With more pilots in the pipeline, further evidence supporting wearables’ safety benefits is likely to come. “Combining wearable data with our expansive claims experience helps drive insights that companies or technology vendors can’t necessarily produce on their own. It’s all about partnership.” Conlon said.
Pilot results have resulted in nine key insights companies interested in the technology may want to consider:
There is a misconception that wearables must be worn continuously in order for the data gathered to be useful. But that’s not always the case.
“There is a category of devices more diagnostic in nature that can be worn over a period as short as eight weeks,” Conlon said. Unlike wearables designed to track location or act as communication devices, diagnostic wearables aim to identify a specific problem within a finite period of time, such as work process that forces less ergonomic movements. Wearables can help isolate processes or movements that can be unsafe well before they are likely to result in an injury to workers.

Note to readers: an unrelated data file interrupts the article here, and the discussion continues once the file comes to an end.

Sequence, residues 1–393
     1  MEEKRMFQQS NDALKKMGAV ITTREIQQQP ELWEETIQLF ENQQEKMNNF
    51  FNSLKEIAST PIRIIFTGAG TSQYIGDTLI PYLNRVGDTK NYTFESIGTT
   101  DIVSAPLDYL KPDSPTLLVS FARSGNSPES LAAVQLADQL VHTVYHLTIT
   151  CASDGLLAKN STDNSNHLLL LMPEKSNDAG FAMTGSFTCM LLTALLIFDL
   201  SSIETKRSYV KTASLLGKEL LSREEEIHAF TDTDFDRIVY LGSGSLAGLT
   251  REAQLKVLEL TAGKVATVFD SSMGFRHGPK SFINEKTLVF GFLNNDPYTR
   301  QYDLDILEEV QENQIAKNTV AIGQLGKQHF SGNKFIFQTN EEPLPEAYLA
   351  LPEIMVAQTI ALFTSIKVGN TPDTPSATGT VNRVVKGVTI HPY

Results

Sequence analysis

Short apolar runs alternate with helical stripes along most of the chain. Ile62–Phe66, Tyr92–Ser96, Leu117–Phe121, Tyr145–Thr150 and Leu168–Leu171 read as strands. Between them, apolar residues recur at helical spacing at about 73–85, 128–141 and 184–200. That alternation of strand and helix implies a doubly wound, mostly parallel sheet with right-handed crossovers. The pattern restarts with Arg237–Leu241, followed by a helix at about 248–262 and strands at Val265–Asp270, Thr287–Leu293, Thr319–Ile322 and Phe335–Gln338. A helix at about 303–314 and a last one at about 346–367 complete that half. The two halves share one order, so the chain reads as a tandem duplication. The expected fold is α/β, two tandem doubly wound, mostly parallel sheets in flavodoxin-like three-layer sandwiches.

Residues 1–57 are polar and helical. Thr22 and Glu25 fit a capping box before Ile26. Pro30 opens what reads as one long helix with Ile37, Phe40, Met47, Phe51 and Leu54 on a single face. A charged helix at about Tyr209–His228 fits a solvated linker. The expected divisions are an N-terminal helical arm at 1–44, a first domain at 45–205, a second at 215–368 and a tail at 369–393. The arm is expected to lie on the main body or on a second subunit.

Wearables are about more than worker behavior. They can also identify workflow processes that may be contributing to recurring injuries in the workforce.
“During a pilot, one client noticed that workers were consistently exhibiting bad bending behavior, even after wearing a device for weeks that would send an alert every time they used poor movement,” Conlon said. “When we examined their work processes, our client discovered that the problem wasn’t the workers themselves, or the process – it was actually a serial number that was printed too small. The workers had to bend over to read the small print over and over again throughout the day.”
As a result, the company made a process change and had the serial numbers printed larger, so workers could eliminate that potentially injurious movement altogether.